15 November 2013

Calgary Zoo looks to protect penguins from aspergillosis

On 10 November, staff at the Calgary Zoo made the difficult decision to euthanise a 14-year-old male gentoo penguin Houdini after he had been sick for almost a month.

The results of a necropsy confirmed severe aspergillosis – a fungal infection that affects the respiratory system. It is one of the most common causes of death in captive penguins and has been recorded in wild penguins. 

Aspergillosis occurs in birds both indoors and outdoors and, as most zoos find, can come and go with many penguins. Aspergillus spores can be found everywhere in the environment. Penguins are among several birds that are extremely sensitive to acquiring the infection, especially when the spore levels become concentrated or the birds' immune systems are depressed (such as when they moult).

“We are concerned that the summer flood has increased some of our risk factors as the high levels of dampness create an environment that allows the fungus to proliferate,” said Dr Sandie Black, Head of Veterinary Services.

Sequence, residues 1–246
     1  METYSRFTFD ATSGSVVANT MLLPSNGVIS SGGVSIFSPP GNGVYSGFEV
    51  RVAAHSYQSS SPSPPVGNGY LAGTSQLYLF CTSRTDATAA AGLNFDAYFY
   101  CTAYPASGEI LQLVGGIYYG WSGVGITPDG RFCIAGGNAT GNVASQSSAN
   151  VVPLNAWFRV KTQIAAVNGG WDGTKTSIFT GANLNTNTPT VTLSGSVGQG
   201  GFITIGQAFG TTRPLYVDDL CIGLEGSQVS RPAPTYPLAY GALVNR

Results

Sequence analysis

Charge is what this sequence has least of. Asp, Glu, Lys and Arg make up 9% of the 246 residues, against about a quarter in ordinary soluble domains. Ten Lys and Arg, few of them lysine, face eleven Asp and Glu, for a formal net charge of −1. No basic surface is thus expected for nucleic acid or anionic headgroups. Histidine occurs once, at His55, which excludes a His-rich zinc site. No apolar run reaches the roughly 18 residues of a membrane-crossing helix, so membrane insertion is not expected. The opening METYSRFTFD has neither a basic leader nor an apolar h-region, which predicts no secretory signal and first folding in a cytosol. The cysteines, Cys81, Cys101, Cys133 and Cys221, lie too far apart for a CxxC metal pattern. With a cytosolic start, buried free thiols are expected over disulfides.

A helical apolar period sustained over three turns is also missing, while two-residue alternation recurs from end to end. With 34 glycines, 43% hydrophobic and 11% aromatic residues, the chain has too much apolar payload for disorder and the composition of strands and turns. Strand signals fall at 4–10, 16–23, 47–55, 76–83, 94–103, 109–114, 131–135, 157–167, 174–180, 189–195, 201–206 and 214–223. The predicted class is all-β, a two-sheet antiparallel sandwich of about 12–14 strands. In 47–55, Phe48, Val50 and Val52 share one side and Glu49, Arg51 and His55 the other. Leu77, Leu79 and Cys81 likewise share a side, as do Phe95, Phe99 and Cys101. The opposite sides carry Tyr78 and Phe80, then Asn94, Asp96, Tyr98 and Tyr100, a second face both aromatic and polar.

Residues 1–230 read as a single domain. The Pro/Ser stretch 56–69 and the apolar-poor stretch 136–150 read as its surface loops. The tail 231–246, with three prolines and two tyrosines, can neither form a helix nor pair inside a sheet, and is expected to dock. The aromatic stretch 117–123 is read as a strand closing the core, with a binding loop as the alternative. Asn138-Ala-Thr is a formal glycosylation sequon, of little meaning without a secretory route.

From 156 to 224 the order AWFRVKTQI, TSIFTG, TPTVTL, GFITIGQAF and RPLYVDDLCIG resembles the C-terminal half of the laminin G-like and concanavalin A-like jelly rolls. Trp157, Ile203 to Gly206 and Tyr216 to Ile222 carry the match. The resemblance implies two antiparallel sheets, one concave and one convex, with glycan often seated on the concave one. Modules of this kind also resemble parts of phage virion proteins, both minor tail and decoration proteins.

“We have taken additional measures that include air quality testing for presence of spores, increasing the frequency of air filter changes and enhancing our already stringent husbandry practises, as in our cleaning of the exhibit. As a precaution, all penguins have been proactively treated for aspergillosis, as they were in the days immediately following the flood in June.”

“One possibility we are exploring is that we may have an Aspergillus species that is resistant to the common antifungal drugs used to treat the disease.”

“Some of our penguins are not responding to current therapy as we would expect. Further testing is underway to determine if this is the case. In addition, we are in discussions with other penguin specialists around the world to learn from their experiences, and may invite other experts to review our facilities and risk factors.”

Humboldt penguin Eduardo and king penguin Asa, two of the zoo's other penguins, also died from aspergillosis this year.

Black noted that there is minimal risk to people.

“The fungal spores are normally present in varying numbers in most environments. Infected penguins do not increase the environmental load of these spores in any way that would be of risk to healthy individuals."

Source
Gentoo penguin Houdini succumbs to aspergillosis [media release], 12 November 2013, Calgary Zoo

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